Hospitals pay penalties of £1.2bn for “too many” admissions and “too early” dischargesBMJ 2014; 348 doi: https://doi.org/10.1136/bmj.g1653 (Published 19 February 2014) Cite this as: BMJ 2014;348:g1653
Schemes designed to penalise hospitals in England for exceeding agreed numbers of emergency admissions and for readmitting patients within four weeks of discharge have cost them more than £1.2bn over the past four years, an investigation by the Channel 4 programme Dispatches has found.
The penalty schemes aim to discourage hospitals from increasing numbers of emergency admissions beyond agreed levels and from discharging patients before they are well enough. For any unbudgeted emergency admissions, hospitals are paid at only 30% of the normal tariff, the so called “marginal tariff.” Funds are also withheld for readmissions within 30 days of an elective procedure and for some other readmissions, subject to local negotiation.
The marginal tariff rule was introduced because Payment by Results, the scheme that pays hospitals according to numbers of procedures, encourages activity, so there is a perverse incentive for hospitals to treat as many patients as possible, which may be clinically unjustified and which strips healthcare commissioners of money. The readmission rule seeks to improve clinical outcomes and patients’ experience by penalising hospitals that discharge too many patients too soon.
Despite these disincentives, emergency admissions have continued to rise, and so have readmissions. The Foundation Trust Network has criticised the schemes, saying they are not working. But no figures have been published showing how much money is actually withheld.
Dispatches sent requests under freedom of information legislation to 156 acute trusts and 212 clinical commissioning groups seeking the data. The response was high, with 143 trusts providing data covering the period 2010-13. Clinical commissioning groups do not hold data for the earlier years, as they were not in existence then, but provided figures from April 2013, which were provisional as they did not cover a complete year.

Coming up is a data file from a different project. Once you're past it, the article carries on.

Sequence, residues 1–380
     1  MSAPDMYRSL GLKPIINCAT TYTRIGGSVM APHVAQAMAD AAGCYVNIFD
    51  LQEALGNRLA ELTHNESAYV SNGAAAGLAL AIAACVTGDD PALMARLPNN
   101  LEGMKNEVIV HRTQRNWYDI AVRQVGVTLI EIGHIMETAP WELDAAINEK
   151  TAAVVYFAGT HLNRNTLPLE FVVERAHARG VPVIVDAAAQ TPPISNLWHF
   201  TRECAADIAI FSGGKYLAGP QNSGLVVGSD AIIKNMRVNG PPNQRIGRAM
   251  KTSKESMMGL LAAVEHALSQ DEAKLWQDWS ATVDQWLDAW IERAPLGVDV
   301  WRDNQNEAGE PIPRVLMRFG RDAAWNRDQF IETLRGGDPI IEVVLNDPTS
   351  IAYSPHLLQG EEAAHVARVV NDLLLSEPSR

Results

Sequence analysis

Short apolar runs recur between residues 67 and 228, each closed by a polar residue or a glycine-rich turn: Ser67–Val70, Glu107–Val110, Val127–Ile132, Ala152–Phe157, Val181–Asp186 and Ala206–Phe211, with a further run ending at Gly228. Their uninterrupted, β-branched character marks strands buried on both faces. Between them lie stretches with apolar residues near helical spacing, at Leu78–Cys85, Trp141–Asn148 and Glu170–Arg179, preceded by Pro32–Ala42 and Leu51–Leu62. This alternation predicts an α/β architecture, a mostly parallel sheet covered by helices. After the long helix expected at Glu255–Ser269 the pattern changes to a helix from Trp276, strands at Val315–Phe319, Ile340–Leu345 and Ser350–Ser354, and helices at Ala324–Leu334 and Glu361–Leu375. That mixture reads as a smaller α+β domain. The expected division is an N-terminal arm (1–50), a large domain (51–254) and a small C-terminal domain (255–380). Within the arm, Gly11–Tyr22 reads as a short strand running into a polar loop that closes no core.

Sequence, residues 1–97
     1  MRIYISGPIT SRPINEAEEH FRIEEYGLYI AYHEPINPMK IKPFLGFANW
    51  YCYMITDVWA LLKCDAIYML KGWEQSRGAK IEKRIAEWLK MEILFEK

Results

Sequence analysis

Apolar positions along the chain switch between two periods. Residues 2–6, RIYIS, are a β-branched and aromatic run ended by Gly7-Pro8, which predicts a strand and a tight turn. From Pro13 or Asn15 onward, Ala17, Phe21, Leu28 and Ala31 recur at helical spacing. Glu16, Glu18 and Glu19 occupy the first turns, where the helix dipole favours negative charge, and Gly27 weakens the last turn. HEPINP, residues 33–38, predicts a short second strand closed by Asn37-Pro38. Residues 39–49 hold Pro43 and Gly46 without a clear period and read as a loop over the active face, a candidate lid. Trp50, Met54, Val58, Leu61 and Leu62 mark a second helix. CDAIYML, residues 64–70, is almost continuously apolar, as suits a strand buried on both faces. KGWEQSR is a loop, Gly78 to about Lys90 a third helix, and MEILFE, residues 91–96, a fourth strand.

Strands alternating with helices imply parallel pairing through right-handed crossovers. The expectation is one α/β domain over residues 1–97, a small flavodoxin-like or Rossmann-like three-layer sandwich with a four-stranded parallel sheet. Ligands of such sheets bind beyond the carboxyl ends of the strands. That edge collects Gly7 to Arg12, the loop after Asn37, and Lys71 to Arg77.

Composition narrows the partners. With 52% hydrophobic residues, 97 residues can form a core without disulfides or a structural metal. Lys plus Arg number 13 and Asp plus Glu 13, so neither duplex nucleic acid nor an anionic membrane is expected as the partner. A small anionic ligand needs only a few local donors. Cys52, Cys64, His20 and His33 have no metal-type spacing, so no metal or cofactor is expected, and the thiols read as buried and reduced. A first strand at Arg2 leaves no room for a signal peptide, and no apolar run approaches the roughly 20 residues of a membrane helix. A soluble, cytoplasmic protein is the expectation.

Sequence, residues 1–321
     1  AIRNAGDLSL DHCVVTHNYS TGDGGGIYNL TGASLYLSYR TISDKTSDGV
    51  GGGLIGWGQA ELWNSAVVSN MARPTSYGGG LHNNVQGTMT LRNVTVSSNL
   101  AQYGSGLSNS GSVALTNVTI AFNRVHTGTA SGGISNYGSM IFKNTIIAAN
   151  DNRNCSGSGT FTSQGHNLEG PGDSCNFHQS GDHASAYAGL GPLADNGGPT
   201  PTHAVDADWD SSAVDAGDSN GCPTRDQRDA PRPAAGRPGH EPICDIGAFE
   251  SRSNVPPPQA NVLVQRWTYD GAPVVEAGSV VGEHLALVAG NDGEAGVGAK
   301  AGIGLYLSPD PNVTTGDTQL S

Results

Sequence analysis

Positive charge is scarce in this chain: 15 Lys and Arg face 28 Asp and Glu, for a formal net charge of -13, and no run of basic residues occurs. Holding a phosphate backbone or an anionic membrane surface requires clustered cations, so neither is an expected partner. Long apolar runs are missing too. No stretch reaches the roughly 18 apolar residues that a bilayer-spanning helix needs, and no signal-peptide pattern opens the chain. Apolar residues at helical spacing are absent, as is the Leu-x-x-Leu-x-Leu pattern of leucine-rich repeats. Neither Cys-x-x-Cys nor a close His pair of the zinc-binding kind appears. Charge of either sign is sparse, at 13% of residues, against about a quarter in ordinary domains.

The results, published in the BMJ,1 show that a total of £848m (€1bn; $1.4bn) was withheld from trusts over a period of almost four years under the marginal tariff rule, and an additional £390m was withheld under the readmission rules, a total of £1.24bn. Nottingham University Hospitals NHS Trust headed the list, with £32m withheld, and 14 others reported more than £15m. But while money is withheld with one hand, it is given with another: the government this winter promised an additional £400m to stave off a crisis in hospital emergency departments.
A spokesman for NHS England said, “To say that funding has been withheld from hospital trusts completely misses the point of the marginal payment arrangements and the wider issues in the health and social care system. The payment arrangements are not fines. They are designed to enable greater investment in community and social care to prevent avoidable admissions and reduce the strain on hospital facilities—the money is therefore not withheld or lost, it is invested to help proactively manage potential pressures before they happen.
“In 2014-15 NHS England and Monitor conducted an in-depth review into the marginal rate tariff. It concluded that the marginal rate had gone some way to help slowing the growth of emergency admissions and has encouraged more coordinated management of both demand for emergency care and discharges back into the community. For this very reason, the review recommended that the marginal rate rules needed to be strengthened to ensure commissioners invest the savings in measures to reduce demand.”
Michael Dixon, chairman of the NHS Alliance, said, “The financial penalties are a very blunt instrument, and it is far better when local hospitals, primary care services, and social services work together with local commissioners to reduce all . . . causes of readmission. Where this works well it would be difficult to defend the continuation of such penalties.”
Cite this as: BMJ 2014;348:g1653
bmj.com Feature: How England’s emergency departments are being penalised (BMJ 2014;348:g1604, doi:10.1136/bmj.g1604)